Archive for October, 2014

A Great Moment in Retail History

Tuesday, October 28th, 2014

On October 28, 1858, Rowland Hussey Macy opened his first store on the corner of Sixth Avenue and 17th Street in New York City and pulled in a whopping $11.06 on their first day.

After that they did a little better, no small thanks to Margaret Getchell, who began her career at R.H. Macy & Co. as a cashier and ended up a partner.

Getchell was Macy’s first manager – a pioneer in an age when women were denied career advancement (let alone equal pay). Her merchandising, marketing, and management genius boosted sales, which reached more than $1m within three years of her promotion to store Superintendant.

Though she married a Macy’s buyer named La Forge and bore six (!) children, Margaret Getchell La Forge remained involved with the store; eventually she sold her share for more than $1.7 million in today’s dollars.

Tragically, Margaret Getchell La Forge died at age 38, but not before she – and Macy – paved the way for women executives.

Three cheers for Margaret Getchell La Forge!


Not My Type (Too Fast for Me)

Tuesday, October 21st, 2014

You’d think that once we had the typewriter, we’d be satisfied with our ability to write so much faster than we could by hand.


Ever since we could type, we’ve been trying to figure out how to type even faster.

In 1872, Lillian Sholes of Kenosha, Wisconsin presumably held the world typing speed record. (Her father was one of the inventors of the first typewriter for practical use, and she was one of the few people with access to the prototype and subsequent commercially-produced models.) Even so, Lillian admitted that her fingers didn’t fly over the keyboard so much as poke, as she favored the “good old seek-and-find system.”

After that, typists – competitive and otherwise – only picked up speed.

On October 21, 1918, Margaret Owen set the world’s record, but her 170wpm now looks like child’s play.

In 1946, Stella Pajunas used an electric typewriter to type 216wpm in one minute.

Using a Dvorak Simplified Keyboard, Barbara Blackburn typed 150wpm for 50 minutes.

Though inventors have built various keyboards to add speed (e.g. Dvorak and Colemak), the good old QWERTY still reigns supreme.


Sholes_typewriter By George Iles [Public domain], via Wikimedia Commons


But who even types anymore?

This year Marcel Fernandes Filho broke the Guinness record for texting.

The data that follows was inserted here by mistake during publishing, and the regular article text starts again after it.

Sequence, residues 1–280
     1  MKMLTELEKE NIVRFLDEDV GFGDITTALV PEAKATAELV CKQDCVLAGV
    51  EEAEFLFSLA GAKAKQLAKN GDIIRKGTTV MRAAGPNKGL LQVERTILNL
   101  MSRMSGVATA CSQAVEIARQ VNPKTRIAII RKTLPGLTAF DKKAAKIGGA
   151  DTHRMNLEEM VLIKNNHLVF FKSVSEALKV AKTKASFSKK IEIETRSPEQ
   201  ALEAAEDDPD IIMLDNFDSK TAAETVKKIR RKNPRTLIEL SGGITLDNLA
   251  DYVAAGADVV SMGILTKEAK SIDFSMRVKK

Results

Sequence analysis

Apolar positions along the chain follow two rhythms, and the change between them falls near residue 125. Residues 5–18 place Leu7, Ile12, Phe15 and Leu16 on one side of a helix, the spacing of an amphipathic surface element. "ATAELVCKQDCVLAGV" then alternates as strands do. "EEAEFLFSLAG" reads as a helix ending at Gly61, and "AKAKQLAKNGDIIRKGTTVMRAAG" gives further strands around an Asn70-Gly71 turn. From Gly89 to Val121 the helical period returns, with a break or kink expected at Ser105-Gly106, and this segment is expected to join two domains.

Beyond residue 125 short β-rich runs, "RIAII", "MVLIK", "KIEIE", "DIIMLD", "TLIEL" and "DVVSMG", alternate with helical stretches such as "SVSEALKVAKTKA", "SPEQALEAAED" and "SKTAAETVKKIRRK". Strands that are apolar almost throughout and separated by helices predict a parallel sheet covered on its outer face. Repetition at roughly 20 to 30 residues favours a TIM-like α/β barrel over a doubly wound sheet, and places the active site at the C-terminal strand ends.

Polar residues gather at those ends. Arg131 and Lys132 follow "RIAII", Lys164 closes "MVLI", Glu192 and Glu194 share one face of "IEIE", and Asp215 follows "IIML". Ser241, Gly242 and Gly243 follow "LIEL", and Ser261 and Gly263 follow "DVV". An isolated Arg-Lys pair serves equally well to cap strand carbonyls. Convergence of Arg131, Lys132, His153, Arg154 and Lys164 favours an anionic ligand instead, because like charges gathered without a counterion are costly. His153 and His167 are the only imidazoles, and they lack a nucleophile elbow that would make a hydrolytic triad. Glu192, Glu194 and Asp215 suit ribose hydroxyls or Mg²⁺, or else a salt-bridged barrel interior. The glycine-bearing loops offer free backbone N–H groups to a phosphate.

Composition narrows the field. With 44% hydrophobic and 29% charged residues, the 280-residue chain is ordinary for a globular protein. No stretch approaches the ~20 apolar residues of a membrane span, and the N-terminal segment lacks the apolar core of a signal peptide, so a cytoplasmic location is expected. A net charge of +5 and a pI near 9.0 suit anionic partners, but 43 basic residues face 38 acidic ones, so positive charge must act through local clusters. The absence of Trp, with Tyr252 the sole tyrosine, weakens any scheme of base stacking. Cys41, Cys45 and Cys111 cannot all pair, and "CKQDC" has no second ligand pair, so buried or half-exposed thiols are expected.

Punch, Pooh, Protected

Tuesday, October 14th, 2014

On October 14, 1926, A.A. Milne published Winnie-the-Pooh!

However, although he’s now remembered as a children’s writer, Milne also wrote non-fiction, adult literature, and plays.

From 1906-1914, Milne was a staff writer for Punchthe humor and satire magazine of the time – and afterward he took up playwriting.

In 1929, Milne wrote a stage adaptation of the children’s book The Wind in the Willows (his play was called Toad of Toad Hall), so you might think he could look forward to someone adapting his work someday.

Alas, this won’t happen soon.

As with his producer, fellow playwright, and friend, Sir James “J. M.” “Peter Pan” Barrie, Milne’s works have been licensed and bought and otherwise legally sewn up by Disney, so no one else can dramatize the works.

Unless Disney finds a way to extend its exclusive rights (have faith they will!), the copyright to Winnie-the-Pooh won’t expire until 2026 – 100 years after Pooh’s publication.

A_a_milne See page for author [Public domain], via Wikimedia Commons

Bet A.A. would have something hilarious to say about that.


Arbitrary Isthmus of the Day

Friday, October 10th, 2014

The Isthmus of Ierapetra.


Beer Tax. Beer Tax? DID SOMEONE SAY “BEER TAX”???!!!

Tuesday, October 7th, 2014

Three hundred years ago, the city of Alkmaar in the Netherlands levied a tax on beer and on Oct 7, 1714 the citizens responded as anyone would — or, rather, as anyone would who had a serious case of kenophobia (you know – fear of the empty space in your glass).

The beer-drinkers pitched themselves a full-scale riot.

And those beer rioters of Alkmaar must have been some strong specimens, no doubt thanks to the combination of bone-fortifying silicon (in the beer) and bone-fortifying calcium (in the diet of “the Cheese Capital of the Netherlands”).

Never mind that they probably also suffered from elevated cholesterol and a bit of a beer belly — these were not people to be trifled with!

It’s one thing to like beer, but to be willing to fight for it? Why, that’s downright inspiring. Either that, or else it’s a sign that it’s time to take the pledge.

we'll have a barrel of fight

Lest you think the Dutch were up in arms only about their Potent Potables (as “Jeopardy!” would categorize beer), you should know that 36 years later they rioted against a meat tax.